Chances are that Missouri's tourist board won't be endorsing Debra Granik's nerve-racking slice of Midwest American gothic anytime soon.
Jennifer Lawrence plays Ree Dolly, a resolute, poor 17-year-old who has been saddled with her two young siblings and her near catatonic mother. Ree desperately needs to find her missing father who has signed over the family's homestead as bail bond collateral. If he's not found (dead or alive) within a week, for a court hearing, the bond company will take the house and turf out Ree's family. So the tenacious teen is required to search for him in the vexing terrain of the Ozark Mountains, where the locals are, in the words of Owen Wilson's cowboy in Night at the Museum 2, "Not a friendly, I repeat not a friendly." It quickly becomes clear that Ree's papa, who had been running a crystal meth laboratory, has upset the mountain folk in some way and the rednecks take out their spooky fury on a besieged Ree. However, she does have one ace up her tattered sleeve, her menacing, drug-abusing uncle, Teardrop (a thoroughly convincing performance from John Hawkes).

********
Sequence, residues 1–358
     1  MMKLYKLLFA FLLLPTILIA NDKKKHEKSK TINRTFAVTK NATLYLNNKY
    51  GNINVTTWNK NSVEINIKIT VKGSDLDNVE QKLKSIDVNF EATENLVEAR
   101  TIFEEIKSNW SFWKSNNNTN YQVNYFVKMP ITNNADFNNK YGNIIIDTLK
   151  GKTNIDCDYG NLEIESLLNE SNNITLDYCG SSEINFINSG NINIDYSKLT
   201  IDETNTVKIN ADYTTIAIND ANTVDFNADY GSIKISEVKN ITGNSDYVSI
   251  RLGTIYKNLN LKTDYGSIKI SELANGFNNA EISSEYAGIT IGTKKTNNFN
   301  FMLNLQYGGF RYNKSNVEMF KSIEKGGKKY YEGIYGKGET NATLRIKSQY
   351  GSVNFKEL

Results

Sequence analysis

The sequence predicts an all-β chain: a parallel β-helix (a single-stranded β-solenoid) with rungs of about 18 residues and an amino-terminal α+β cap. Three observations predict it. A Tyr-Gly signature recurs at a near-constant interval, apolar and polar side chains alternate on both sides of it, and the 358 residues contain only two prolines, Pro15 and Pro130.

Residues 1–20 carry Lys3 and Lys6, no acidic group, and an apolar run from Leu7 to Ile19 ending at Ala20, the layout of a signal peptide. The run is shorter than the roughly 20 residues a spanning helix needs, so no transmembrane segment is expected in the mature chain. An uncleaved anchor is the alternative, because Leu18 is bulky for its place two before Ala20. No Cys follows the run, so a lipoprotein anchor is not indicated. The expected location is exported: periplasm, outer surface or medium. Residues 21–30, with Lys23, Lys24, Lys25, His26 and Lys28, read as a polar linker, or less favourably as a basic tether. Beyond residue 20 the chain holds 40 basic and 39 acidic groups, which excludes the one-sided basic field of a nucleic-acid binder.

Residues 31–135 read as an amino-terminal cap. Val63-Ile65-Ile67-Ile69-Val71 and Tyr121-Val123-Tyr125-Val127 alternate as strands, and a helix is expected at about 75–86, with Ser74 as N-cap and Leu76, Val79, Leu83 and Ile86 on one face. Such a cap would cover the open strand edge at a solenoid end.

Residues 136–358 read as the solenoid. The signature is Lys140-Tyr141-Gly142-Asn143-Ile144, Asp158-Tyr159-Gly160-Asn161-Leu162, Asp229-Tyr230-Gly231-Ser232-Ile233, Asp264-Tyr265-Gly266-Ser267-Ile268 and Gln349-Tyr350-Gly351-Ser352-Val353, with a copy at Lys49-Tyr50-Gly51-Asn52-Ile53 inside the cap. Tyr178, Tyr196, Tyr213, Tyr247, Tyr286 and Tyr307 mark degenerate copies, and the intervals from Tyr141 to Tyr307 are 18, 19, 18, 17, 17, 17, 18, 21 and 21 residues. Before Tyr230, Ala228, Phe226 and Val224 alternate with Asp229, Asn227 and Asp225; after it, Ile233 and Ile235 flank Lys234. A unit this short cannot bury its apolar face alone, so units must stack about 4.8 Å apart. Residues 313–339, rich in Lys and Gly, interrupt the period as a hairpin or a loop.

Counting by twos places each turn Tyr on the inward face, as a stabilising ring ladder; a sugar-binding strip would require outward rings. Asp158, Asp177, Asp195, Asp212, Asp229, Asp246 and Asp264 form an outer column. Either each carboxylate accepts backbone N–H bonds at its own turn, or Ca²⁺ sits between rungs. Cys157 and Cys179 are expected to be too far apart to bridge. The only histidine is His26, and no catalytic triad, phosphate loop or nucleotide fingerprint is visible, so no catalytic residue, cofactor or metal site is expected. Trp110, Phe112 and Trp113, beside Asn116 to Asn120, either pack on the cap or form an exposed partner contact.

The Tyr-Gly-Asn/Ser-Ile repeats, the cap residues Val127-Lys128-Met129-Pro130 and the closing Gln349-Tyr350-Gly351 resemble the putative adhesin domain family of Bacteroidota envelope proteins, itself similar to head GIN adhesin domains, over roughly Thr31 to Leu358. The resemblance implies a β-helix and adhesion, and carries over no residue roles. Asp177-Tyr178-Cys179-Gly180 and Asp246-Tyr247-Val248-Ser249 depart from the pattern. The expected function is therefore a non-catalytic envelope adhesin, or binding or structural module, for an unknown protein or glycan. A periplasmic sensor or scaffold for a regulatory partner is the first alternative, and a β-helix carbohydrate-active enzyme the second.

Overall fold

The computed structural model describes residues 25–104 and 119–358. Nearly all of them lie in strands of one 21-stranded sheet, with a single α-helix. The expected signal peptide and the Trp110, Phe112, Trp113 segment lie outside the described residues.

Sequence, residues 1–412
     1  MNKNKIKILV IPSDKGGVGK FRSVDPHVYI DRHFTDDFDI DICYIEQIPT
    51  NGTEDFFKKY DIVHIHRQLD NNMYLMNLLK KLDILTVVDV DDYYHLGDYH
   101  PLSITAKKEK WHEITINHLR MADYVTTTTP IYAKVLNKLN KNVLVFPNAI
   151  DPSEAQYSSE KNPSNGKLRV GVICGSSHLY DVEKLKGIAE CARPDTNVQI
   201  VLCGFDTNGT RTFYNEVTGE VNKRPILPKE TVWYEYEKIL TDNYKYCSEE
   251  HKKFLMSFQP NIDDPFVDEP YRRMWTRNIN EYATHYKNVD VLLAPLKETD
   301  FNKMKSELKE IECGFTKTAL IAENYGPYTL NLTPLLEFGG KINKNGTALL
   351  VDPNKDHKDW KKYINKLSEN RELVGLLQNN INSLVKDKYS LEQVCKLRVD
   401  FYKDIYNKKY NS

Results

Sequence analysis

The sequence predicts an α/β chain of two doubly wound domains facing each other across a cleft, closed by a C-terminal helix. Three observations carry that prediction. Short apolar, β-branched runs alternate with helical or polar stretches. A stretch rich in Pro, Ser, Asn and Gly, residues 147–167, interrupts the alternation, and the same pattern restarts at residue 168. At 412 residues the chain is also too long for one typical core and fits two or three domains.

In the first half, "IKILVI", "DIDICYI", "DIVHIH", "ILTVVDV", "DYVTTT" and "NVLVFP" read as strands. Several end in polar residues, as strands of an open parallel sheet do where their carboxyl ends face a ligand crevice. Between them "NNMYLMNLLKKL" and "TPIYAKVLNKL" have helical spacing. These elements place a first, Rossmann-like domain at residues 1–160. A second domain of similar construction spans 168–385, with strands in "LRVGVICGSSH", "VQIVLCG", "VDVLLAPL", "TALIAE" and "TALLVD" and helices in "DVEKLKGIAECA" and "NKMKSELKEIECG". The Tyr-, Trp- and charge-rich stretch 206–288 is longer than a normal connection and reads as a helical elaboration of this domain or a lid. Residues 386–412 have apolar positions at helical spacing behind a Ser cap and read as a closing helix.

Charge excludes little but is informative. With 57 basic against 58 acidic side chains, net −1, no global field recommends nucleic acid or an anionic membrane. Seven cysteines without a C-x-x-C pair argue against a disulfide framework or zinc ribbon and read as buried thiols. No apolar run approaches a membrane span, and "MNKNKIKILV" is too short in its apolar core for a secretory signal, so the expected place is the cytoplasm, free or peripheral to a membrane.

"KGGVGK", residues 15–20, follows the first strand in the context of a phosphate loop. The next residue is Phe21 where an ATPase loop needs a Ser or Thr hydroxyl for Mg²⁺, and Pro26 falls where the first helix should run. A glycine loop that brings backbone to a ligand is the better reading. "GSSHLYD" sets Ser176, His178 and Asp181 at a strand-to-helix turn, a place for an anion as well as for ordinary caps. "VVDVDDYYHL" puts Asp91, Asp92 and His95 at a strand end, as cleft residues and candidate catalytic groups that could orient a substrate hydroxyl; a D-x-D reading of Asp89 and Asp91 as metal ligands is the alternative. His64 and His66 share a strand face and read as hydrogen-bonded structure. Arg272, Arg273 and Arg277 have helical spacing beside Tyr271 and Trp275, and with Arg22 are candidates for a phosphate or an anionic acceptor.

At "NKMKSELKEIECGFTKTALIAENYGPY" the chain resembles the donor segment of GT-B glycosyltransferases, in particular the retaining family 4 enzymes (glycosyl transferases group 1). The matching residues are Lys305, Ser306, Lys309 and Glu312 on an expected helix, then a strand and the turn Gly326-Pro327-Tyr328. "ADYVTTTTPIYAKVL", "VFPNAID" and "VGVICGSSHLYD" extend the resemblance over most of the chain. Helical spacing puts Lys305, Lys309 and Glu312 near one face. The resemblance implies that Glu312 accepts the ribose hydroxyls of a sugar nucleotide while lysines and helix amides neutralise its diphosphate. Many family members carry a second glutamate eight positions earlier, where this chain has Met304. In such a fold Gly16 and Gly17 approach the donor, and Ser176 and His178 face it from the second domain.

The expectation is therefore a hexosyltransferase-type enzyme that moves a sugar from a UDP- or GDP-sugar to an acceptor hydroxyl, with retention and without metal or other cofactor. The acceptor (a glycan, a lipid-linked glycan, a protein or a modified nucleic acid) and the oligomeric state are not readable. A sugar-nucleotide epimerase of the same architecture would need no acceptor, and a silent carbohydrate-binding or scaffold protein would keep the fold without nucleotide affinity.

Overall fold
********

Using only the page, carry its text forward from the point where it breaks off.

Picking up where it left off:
This gripping and taut drama, based on Daniel Woodrell's "country noir" thriller, benefits from an exceptional and intense performance from Lawrence and from Michael McDonough's adroit cinematography.